HR News: Microsoft makes HR Changes after Viral Email




Microsoft makes HR changes_businessman and insurance gambling placing wooden block on a tower

In this week’s HR News Beat, Microsoft says it is changing its HR practices after a complaint email focused on discrimination and harassment went viral with in the company.  Also, ADP says the gender pay gap continues, and the construction industry is dealing with a pending gap of its own.  Baby boomers are retiring and that raises the potential for a future labor shortage.

Microsoft Changes HR Practices after Discrimination and Harassment email chain circulates

Microsoft CEO Satya Nadella has announced sweeping changes after an email chain describing sexual harassment and discrimination went viral internally. In the chain, women openly discussed instances of harassment or discrimination.  According to CNBC, accounts include women being asked to sit on a co-worker’s lap and being called insensitive names.

RESOURCE DOWNLOAD:  A Guide for HR and Sexual Harassment

After dealing with the issues raised in the email, Microsoft says it is making changes to the HR department that will help prevent further instances of discrimination or harassment.  Those include:

  • New training materials
  • New business conduct guidelines
  • HR staff will be expanded
  • HR will create an Employee Advocacy Team to assist employees going through the workplace investigation process
  • New HR investigators will be hired
  • New discipline guidelines
  • More information transparency about investigations and disciplinary actions

All of these changes are expected to be in place by the 2020 fiscal year.


ADP Report:  Pay Gaps Continue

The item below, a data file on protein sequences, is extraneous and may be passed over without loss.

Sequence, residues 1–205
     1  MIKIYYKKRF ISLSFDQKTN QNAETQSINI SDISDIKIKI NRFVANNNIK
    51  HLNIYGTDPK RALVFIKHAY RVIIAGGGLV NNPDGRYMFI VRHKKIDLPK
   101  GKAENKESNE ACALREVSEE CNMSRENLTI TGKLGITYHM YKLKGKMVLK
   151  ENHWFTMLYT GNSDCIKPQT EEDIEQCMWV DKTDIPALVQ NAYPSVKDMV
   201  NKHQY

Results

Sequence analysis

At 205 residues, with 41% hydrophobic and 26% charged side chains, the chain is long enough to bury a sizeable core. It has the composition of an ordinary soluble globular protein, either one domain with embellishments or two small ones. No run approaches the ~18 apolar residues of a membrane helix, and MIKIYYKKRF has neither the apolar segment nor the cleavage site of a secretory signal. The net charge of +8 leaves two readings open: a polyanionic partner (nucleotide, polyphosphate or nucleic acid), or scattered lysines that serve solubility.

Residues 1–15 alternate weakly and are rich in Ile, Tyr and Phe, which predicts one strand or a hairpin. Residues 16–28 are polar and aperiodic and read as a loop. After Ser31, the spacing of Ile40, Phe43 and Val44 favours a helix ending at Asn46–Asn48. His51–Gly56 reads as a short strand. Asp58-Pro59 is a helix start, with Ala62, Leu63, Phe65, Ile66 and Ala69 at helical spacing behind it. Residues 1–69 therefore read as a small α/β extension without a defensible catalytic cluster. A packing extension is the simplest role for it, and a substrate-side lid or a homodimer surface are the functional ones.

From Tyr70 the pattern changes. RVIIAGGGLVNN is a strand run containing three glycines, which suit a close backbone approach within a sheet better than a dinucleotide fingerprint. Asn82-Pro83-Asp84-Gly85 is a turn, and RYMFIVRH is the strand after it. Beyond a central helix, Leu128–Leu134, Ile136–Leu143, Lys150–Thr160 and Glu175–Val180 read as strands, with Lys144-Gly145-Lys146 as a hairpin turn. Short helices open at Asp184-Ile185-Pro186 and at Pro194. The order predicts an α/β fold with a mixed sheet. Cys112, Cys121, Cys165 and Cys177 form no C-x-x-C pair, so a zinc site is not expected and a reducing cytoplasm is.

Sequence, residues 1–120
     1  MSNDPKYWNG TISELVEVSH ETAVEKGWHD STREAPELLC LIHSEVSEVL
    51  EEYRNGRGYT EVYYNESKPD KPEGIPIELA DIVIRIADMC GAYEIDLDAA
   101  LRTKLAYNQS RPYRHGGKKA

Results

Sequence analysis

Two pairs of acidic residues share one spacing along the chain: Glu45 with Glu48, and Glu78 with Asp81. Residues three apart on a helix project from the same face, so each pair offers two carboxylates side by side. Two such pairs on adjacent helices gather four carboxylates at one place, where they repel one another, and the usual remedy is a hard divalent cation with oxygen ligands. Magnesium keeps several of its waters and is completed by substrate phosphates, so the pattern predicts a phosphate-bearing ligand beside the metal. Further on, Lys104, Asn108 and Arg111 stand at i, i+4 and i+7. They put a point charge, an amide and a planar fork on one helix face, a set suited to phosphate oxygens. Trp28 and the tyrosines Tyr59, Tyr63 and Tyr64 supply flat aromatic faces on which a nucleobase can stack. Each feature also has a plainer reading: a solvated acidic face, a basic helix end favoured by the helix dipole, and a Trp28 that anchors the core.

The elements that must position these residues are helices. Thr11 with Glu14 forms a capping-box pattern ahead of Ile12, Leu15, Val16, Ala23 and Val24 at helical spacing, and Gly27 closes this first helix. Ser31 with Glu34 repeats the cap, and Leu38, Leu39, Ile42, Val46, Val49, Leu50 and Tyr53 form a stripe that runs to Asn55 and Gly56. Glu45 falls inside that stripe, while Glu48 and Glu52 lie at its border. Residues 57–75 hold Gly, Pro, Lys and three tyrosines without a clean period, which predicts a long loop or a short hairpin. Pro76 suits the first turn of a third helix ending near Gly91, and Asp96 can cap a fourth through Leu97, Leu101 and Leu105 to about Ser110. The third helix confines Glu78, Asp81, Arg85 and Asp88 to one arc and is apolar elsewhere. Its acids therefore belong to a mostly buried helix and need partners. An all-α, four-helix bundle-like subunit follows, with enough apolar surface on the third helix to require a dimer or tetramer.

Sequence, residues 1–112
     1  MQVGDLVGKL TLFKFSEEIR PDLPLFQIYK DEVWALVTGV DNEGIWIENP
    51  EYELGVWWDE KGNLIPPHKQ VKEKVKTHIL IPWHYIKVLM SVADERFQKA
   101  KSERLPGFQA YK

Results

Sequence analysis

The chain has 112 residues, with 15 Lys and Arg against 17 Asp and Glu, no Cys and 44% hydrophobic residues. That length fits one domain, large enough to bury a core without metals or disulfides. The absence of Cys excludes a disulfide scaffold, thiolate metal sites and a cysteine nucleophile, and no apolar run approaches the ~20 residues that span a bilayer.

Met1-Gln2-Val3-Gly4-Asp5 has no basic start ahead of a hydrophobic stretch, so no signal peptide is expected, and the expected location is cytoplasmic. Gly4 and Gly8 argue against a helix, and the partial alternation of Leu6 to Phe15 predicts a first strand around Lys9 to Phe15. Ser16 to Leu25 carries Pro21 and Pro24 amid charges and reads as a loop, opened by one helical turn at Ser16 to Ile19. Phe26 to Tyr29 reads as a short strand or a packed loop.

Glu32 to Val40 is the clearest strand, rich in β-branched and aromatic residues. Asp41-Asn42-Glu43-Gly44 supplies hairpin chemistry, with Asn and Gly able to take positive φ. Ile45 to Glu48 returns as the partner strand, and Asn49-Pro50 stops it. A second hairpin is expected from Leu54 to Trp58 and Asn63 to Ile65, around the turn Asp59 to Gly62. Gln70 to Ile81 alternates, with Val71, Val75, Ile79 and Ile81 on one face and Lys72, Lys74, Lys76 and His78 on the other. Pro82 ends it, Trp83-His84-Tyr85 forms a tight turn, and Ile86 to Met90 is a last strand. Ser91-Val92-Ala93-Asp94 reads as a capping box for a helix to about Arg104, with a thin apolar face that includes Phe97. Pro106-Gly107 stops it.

The State of the Workplace Report:  Pay, Promotions and Retention from ADP has been released.  While it shows positive job growth over the last eight years, it also points to lack of wage growth in that time, particularly between women and men.  Looking at the national average, hourly wages stand at $29.03.  When looking at it from a gender perspective, men still make more than women.  According to the U.S. Department of Labor Bureau of Labor Statistics, men make up 53% of the workforce while women make up 47%.  Men, on average, make $32 an hour where women make $25 an hour.

 

Potential Labor Gap for Construction Sector

The U.S. Bureau of Labor Statistics says the construction sector is showing a 12% job growth.  Despite that, there is a growing concern on the horizon.  According to the National Center for Construction Education & Research, 41% of the current workforce is expected to retire by 2031.  The majority of those workers are baby boomers.  If that comes to pass, the construction industry will be dealing with both a leadership gap and a labor gap. 

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